Thursday, May 17, 2012

{TOS Crew} The Dreaded "S" Word

If you don't know what I mean by the title of this blog post, than you most likely haven't started homeschooling or haven't been doing so for long. I have been homeschooling now for almost 11 years and I still hear this question quite frequently....

"What about socialization?" 

First let's define what is really meant by this question. defines socialization as "a continuing process whereby an individual acquires a personal identity and learns the norms, values, behavior, and social skills appropriate to his or her social position." 

Okay, so let's get real for just a moment. I remember way back when during my own public school education years. I spent 6-8 hours a day at the local school and of that time the majority was spent in a classroom being quiet while the teacher lectured/taught and we learned/did school work. All told there was perhaps an hour a day  - spaced throughout the entire day - when I was able to "socialize" with my friends. Socialize as in talk and chat and play and interact. 

Let me put this into perspective. I have three boys ages 15, 11, and eight. While I may complain about my teenager from time to time, I rarely argue with him about his attitude, clothes, or music choices. When I ask him to do a chore for me he typically does so without complaining. I trust him to watch his brothers while I run errands as well as complete all the schoolwork I give him without me watching his every move. Believe me, I know how lucky I am about this. However, the main reason he is like this...he has no peers telling him he shouldn't act this way. This is the behavior we expect from him and that is the behavior we get as a result.

Now, I'm not saying we're extra-special parents with extraordinary kids (well, maybe just a little), but when a child doesn't see how other children act, they will conform to the higher standards - those of their parent.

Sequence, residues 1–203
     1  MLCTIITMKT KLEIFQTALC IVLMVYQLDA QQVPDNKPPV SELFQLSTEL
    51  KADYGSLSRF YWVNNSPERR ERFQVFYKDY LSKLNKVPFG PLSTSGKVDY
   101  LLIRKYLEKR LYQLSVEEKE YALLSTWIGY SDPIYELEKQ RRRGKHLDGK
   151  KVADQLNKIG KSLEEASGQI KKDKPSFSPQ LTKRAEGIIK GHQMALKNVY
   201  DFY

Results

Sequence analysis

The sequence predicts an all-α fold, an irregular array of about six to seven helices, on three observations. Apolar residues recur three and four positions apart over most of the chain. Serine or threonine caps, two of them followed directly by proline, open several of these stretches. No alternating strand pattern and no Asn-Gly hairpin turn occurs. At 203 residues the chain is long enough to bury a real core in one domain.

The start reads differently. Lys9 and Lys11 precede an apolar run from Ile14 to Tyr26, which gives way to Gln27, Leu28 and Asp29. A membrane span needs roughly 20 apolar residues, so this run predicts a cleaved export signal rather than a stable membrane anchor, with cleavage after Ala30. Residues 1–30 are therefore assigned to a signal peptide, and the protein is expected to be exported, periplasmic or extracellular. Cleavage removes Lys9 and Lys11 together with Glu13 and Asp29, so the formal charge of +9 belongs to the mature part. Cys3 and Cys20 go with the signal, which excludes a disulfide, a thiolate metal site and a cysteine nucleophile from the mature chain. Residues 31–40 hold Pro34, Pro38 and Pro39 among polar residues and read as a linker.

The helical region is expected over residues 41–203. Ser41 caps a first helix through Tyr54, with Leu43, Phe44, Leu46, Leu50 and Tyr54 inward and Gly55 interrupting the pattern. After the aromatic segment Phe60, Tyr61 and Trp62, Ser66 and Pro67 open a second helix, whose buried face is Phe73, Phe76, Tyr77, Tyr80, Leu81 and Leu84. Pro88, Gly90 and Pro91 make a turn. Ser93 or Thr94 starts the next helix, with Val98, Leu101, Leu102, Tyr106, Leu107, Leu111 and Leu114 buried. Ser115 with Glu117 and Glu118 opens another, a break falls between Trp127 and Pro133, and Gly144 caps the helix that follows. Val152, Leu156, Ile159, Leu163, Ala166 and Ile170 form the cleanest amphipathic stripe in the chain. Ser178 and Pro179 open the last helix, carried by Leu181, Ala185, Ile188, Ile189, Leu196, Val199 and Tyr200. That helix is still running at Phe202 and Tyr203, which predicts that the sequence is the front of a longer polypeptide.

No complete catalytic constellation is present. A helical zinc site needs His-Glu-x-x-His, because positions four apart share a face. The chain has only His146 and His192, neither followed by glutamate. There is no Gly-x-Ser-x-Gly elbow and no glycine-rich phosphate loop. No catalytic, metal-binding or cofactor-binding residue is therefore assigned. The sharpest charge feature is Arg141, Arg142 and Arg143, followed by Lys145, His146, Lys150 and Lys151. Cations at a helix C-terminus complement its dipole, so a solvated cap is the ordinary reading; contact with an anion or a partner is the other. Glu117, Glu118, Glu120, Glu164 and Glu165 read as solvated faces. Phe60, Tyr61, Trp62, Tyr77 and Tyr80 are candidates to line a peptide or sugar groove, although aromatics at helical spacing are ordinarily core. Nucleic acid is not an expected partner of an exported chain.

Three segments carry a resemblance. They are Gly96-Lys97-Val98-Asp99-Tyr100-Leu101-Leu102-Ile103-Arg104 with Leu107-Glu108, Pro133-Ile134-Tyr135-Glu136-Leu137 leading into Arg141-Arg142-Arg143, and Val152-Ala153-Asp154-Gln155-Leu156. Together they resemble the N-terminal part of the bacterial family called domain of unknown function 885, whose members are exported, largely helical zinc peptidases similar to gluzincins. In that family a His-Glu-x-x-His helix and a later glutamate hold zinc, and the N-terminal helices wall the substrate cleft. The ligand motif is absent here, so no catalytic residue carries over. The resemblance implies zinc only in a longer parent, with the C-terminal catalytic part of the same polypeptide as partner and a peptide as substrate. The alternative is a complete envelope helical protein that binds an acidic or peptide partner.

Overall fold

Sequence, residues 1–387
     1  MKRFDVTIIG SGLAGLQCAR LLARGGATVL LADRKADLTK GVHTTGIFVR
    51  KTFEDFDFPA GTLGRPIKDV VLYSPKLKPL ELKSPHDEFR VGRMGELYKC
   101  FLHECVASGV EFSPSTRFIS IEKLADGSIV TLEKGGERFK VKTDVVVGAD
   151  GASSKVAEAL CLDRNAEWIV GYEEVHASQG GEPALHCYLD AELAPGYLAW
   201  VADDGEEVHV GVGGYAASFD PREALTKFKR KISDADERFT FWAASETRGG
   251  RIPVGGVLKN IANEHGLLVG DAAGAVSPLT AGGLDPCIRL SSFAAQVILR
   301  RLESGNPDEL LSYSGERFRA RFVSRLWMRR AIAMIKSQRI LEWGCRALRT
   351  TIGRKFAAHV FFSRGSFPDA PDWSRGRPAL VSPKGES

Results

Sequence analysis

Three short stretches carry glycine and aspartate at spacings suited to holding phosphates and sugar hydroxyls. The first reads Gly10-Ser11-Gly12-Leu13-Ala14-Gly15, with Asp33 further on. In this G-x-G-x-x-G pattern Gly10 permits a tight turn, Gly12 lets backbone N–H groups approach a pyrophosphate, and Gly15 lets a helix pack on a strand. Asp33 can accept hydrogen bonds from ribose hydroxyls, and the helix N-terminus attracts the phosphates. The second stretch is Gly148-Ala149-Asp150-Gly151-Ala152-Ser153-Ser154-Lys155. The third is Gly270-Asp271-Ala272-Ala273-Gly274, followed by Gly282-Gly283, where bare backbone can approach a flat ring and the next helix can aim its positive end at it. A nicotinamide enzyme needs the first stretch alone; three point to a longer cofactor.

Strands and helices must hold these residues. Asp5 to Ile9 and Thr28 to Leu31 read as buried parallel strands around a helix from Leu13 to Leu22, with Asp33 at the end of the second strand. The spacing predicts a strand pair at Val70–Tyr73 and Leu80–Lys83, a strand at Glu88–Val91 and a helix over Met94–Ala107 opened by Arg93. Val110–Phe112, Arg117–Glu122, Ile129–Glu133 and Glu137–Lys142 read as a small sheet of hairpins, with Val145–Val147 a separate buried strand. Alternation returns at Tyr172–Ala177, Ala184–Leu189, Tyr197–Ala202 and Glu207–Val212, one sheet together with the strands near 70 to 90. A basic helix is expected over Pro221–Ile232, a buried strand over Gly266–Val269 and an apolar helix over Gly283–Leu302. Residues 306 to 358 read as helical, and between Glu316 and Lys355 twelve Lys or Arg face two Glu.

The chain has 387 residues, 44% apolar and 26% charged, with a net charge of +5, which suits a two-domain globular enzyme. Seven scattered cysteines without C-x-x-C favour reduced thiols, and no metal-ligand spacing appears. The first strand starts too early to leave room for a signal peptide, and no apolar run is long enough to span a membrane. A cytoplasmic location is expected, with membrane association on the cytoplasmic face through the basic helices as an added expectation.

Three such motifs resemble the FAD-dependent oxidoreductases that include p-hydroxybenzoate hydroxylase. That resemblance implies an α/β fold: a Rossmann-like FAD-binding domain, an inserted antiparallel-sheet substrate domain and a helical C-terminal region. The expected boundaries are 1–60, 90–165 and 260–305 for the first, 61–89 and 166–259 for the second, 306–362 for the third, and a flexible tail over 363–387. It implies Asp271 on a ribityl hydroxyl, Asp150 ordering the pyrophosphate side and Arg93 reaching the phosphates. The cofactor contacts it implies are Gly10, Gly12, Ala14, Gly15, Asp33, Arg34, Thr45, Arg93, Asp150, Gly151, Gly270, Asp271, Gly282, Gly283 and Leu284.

Another 11 year old son loves planes. For his recent birthday, my mother-in-law bought him a membership into the local R/C plane club. He is the youngest member by about 30 years - at least. However, when he showed up at his first meeting, he easily conversed with the other members and interacted with them at a very mature level.

The problem with this question is that most people think homeschool means your child never leaves the house. They feel it means that your child never sees another child outside of their siblings - that they rarely get to interact with other children.

My children and I are involved in so many extra activities that I have to limit them. Otherwise we'd be out of the house so much we'd never get any schoolwork done! My boys are active in our church's AWANA program - which means interacting with a variety of age-level kids. They all attend the same 4-H group. Our group has about 15 kids in it ranging in age from 3 (tag-a-long siblings) up to 18 - all working together. Our homeschool group is active and we attend a lot of field trips. Since August we've gone on 16 field trips and we have a few more planned before we finish up our school year.

However, it's really the exact opposite. My children not only interact with other children, but they interact with adults. They aren't stuck in a room all day with their age-peers. Instead, they go about the community interacting with people from varying ages and all different walks of life. They are able to hold a conversation with anyone and not be caught up in the "cool" factor of it all.

In fact, I truly believe that my children, as well as other home educated children, are better equipped to go out in to the world. Typically work environments require people of all ages and walks of life to interact with each other. They are not age-driven. All the 27 year olds aren't grouped together to work and neither are all the 30 year olds. However, that is what we generally require from our children in a typical government school setting. 

So for those that worry about the "s" word, please don't. Really, the bigger concern might be finding the right math curriculum or the best piano teacher, but left to their own devices, socialization is rarely an issue for most children.


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